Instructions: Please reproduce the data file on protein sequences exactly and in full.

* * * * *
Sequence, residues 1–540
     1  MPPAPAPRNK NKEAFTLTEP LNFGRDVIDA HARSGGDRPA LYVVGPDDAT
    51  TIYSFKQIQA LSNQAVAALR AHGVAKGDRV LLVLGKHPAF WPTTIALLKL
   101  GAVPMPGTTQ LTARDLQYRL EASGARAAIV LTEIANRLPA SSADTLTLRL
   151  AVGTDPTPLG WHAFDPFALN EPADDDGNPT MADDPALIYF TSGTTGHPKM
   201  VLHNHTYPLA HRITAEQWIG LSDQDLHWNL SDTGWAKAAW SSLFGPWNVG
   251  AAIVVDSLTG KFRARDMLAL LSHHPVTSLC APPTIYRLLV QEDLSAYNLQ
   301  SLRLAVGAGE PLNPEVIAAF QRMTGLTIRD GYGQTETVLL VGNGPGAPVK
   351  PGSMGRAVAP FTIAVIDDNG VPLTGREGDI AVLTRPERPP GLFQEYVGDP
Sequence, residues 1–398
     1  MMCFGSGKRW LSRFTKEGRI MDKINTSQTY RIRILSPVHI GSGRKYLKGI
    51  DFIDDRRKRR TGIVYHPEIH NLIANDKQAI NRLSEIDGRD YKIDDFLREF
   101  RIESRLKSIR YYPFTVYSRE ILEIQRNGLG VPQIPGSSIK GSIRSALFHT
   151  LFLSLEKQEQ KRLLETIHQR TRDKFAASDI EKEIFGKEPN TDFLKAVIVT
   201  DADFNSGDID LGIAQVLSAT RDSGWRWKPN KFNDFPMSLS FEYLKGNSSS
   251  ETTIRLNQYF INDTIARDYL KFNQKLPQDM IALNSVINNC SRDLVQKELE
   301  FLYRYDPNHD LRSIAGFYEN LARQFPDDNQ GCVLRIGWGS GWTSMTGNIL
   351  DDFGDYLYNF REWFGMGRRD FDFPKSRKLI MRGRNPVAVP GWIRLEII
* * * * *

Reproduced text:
Sequence, residues 1–540
     1  MPPAPAPRNK NKEAFTLTEP LNFGRDVIDA HARSGGDRPA LYVVGPDDAT
    51  TIYSFKQIQA LSNQAVAALR AHGVAKGDRV LLVLGKHPAF WPTTIALLKL
   101  GAVPMPGTTQ LTARDLQYRL EASGARAAIV LTEIANRLPA SSADTLTLRL
   151  AVGTDPTPLG WHAFDPFALN EPADDDGNPT MADDPALIYF TSGTTGHPKM
   201  VLHNHTYPLA HRITAEQWIG LSDQDLHWNL SDTGWAKAAW SSLFGPWNVG
   251  AAIVVDSLTG KFRARDMLAL LSHHPVTSLC APPTIYRLLV QEDLSAYNLQ
   301  SLRLAVGAGE PLNPEVIAAF QRMTGLTIRD GYGQTETVLL VGNGPGAPVK
   351  PGSMGRAVAP FTIAVIDDNG VPLTGREGDI AVLTRPERPP GLFQEYVGDP
Sequence, residues 1–398
     1  MMCFGSGKRW LSRFTKEGRI MDKINTSQTY RIRILSPVHI GSGRKYLKGI
    51  DFIDDRRKRR TGIVYHPEIH NLIANDKQAI NRLSEIDGRD YKIDDFLREF
   101  RIESRLKSIR YYPFTVYSRE ILEIQRNGLG VPQIPGSSIK GSIRSALFHT
   151  LFLSLEKQEQ KRLLETIHQR TRDKFAASDI EKEIFGKEPN TDFLKAVIVT
   201  DADFNSGDID LGIAQVLSAT RDSGWRWKPN KFNDFPMSLS FEYLKGNSSS
   251  ETTIRLNQYF INDTIARDYL KFNQKLPQDM IALNSVINNC SRDLVQKELE
   301  FLYRYDPNHD LRSIAGFYEN LARQFPDDNQ GCVLRIGWGS GWTSMTGNIL
   351  DDFGDYLYNF REWFGMGRRD FDFPKSRKLI MRGRNPVAVP GWIRLEII